Even before CFSW happened, the board of VPH was looking at taking on a bigger festival, the Individual World Poetry Slam. It would be a huge undertaking that involved bringing 60 or so of America’s best poetry slammers to Canada, ensuring that they crossed the border, along with hundreds of fans for a weeklong tournament that would end with the crowning of the best slammer in North America. Doing IWPS would entail a massive financial risk for Van Slam and VPH, as obtaining government grants for a festival not focused on Canadian artists was extremely unlikely. It would involve making a successful bid to PSI at the next big Slammasters meeting and convincing them to hold a mainly U.S event outside of American borders. And it would be on a scale larger than any other poetry event ever attempted in Vancouver.
Holding IWPS in Vancouver was the brainchild of The Svelte Ms. Spelt, and when he first pitched it to the VPH board, he received a lukewarm response. Considering all the daunting aspects of such a huge festival, and perhaps made more hesitant by the exhausting preparations for CFSW (which had yet to occur), the board put Ms. Spelt’s proposal through a rigorous vetting process, requesting everything from projected ticket sales to audience demographic charts. Ms. Spelt wanted to make IWPS a community festival with all the venues clustered around Commercial Drive. It was only after he produced stacks of paperwork proving his case that the board agreed to support the project. As soon as they did, Ms. Spelt brought his toughest critics onto his organizing team. He remembers turning to the board and saying: “Everyone who just asked the most intelligent questions, you’re hired.”
Jim McKnight made one qualification to the plan: he wanted it to sell out. Partly this was to ensure the financial sustainability of VPH as an organization, but it was also about paying respect to the visiting poets. As McKnight says: “It’s about hospitality. The greatest respect you can give to a guest poet is a full house of knowledgeable ears.” No IWPS had ever sold out before. It was not expected by PSI, nor by the American poets who were used to performing for half-full auditoriums and sparsely attended preliminary bouts. To sell out an entire IWPS was a radical concept, never before achieved.
Ms. Spelt made the pitch for IWPS 2007 at a Slammasters meeting held as part of the 2005 NPS in Albuquerque. The American organizers were impressed by the level of detail in the proposal – no doubt a direct result of his grilling by the VPH board – and approved the bid. There was little celebration in Vancouver as CFSW was about to happen and everyone’s time and energy was devoted to mounting the festival on a shoestring budget. It wasn’t until after Vancouver’s first major slam festival that the community had a chance to consider what hosting IWPS meant, and the scale of the project they had committed to.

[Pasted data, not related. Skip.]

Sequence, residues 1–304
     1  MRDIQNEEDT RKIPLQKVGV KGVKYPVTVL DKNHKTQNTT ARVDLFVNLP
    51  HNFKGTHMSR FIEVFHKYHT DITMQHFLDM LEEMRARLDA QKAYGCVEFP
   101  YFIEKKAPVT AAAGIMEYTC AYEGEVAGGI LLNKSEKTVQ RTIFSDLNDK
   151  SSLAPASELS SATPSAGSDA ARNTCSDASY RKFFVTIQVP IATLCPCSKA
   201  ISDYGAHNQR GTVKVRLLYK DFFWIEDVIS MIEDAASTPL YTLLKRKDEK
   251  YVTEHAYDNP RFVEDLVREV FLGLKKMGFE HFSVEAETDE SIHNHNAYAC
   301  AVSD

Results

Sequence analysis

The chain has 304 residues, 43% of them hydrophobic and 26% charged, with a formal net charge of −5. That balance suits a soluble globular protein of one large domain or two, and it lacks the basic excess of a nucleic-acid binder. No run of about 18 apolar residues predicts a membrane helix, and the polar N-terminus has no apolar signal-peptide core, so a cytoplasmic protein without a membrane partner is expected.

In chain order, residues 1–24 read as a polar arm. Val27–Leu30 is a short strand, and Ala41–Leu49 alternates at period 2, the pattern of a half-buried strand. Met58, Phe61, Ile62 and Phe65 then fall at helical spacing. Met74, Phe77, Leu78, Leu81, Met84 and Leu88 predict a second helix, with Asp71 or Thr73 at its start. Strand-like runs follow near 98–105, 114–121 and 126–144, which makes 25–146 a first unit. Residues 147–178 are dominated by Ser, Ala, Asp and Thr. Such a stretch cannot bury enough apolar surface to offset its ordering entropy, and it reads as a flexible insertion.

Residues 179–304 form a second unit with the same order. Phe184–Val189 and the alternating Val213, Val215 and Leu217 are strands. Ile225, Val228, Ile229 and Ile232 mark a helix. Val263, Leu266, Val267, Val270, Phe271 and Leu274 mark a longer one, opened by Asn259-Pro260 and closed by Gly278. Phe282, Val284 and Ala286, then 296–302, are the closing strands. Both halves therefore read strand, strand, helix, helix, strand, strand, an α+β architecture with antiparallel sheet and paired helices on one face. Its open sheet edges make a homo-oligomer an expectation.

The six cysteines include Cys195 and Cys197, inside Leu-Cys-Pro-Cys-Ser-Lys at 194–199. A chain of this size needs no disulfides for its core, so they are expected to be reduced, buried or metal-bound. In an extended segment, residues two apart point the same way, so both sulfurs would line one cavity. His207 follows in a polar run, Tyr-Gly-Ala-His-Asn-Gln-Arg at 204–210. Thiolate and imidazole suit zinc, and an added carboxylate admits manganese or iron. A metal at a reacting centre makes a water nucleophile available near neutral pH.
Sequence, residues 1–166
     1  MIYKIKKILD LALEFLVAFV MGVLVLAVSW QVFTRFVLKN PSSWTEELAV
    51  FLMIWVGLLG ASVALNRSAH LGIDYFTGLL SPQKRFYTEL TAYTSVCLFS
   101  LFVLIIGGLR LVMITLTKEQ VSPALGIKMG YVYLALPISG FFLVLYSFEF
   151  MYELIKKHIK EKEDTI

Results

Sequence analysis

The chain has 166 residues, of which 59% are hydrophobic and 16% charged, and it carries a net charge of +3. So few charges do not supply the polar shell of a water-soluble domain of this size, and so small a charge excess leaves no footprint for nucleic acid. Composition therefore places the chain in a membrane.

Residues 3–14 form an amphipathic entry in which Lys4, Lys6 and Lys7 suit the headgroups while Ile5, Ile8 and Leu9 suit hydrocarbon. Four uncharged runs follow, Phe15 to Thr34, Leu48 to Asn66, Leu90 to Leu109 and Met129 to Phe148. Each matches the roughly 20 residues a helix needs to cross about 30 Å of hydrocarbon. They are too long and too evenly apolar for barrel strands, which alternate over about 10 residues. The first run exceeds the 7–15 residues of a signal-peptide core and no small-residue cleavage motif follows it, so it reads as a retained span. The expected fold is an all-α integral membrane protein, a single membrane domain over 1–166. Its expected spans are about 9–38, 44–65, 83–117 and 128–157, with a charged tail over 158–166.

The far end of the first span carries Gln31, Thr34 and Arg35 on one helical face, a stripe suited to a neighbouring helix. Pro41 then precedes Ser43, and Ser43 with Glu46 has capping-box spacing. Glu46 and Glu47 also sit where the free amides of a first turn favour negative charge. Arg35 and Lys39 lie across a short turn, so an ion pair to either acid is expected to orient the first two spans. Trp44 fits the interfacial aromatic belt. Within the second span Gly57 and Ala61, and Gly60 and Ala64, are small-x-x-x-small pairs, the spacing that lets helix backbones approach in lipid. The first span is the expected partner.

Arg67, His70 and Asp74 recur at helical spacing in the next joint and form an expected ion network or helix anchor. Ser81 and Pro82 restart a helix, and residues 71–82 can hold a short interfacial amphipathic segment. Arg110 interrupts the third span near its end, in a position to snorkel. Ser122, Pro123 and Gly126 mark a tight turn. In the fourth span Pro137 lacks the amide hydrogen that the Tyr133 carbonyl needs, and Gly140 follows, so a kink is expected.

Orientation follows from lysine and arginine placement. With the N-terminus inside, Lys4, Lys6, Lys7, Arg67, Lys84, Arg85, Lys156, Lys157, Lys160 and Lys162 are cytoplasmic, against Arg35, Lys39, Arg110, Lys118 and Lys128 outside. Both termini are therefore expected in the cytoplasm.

CFSW taught many valuable lessons. If VPH wanted to avoid another financial boondoggle, it needed to reel in festival expenses. The plan became to search out free venues for preliminary bouts and side events. Zesty’s, La Rocca, and El Cocal, three restaurants on The Drive, were convinced to host events with the promise that their venues would be packed with people on weeknights. Café Deux Soleils continued to support Van Slam by hosting events as well. They’d make their money on bar and food sales, while the festival would take the cover fee. It was a sensible deal that kept financial risks low.
PSI sent Taylor Mali to make sure the venues chosen met the needs of the festival and were suitable for poetry slam events. Over years of slammaster debates, Mali had developed a reputation as combative and difficult-to-please. If the inspection went badly, PSI could pull the plug on the festival and move IWPS 2007 to another city. Sean McGarragle took up the task of escorting Mali on the site visits and making sure he received the right impression about the preparations being made. Mali’s reported back to PSI positively, and everyone heaved a sigh of relief. It was one of many crucial moments where McGarragle’s abilities as organizer and impresario helped move festival preparations forward. “Sean played a huge role in working alongside Angus, and making sure things got done,” recalls McIntyre.
Normally t-shirts are created for poetry festivals such as IWPS, but to put a more Canadian spin on the event, the organizing committee agreed to create custom toques instead. One volunteer ran with the idea and even knitted miniature toques for the heads of the Oscar-like trophies to be given to the winning poets. In the same spirit, a Canadian flag was draped down over the apron of the finals stage, which Ms. Spelt slapped a kiss onto before addressing the sold out crowd at the Rio Theatre.
Actually, sold out is an understatement. The entire festival, including preliminary bouts, had been nothing but packed houses. Finals Night was far beyond sold out. Hundreds of people joined a ‘Will Hope’ line that stretched down the block from The Rio on the chance that more tickets might be made available. Poets and poetry fans crammed inside, far beyond The Rio’s official capacity of 450. It’s difficult to know exactly how many were let in. People were packed shoulder-to-shoulder along the aisles and back walls of both the main floor and the balcony. There may have been 600 people inside, or 800, or more. It’s safe to say it was the most well-attended poetry event ever to have occurred in Vancouver, and very likely the biggest crowd in the history of IWPS.
The show itself touted some of the best talent in North America. A few moments stand out. Because The Rio was packed full, someone stood right on top of a cable running along the wall to the sound booth, causing the wireless mic to cut out momentarily on Buddy Wakefield, who drew the bullet, and was in the dreaded position of going first in the first round. Much to everyone’s relief the problem was recognized and solved. From there on, the slam grew in suspense and audience response. “The ovation for Andrea Gibson was completely spontaneous,” remembers Duncan Shields. “I’d never seen that before in Vancouver at an event.” In the end, Gibson finished third, two-time NPS indies champ, Anis Mojgani was the runner up, and Ed Mabrey became that year’s IWPS champ.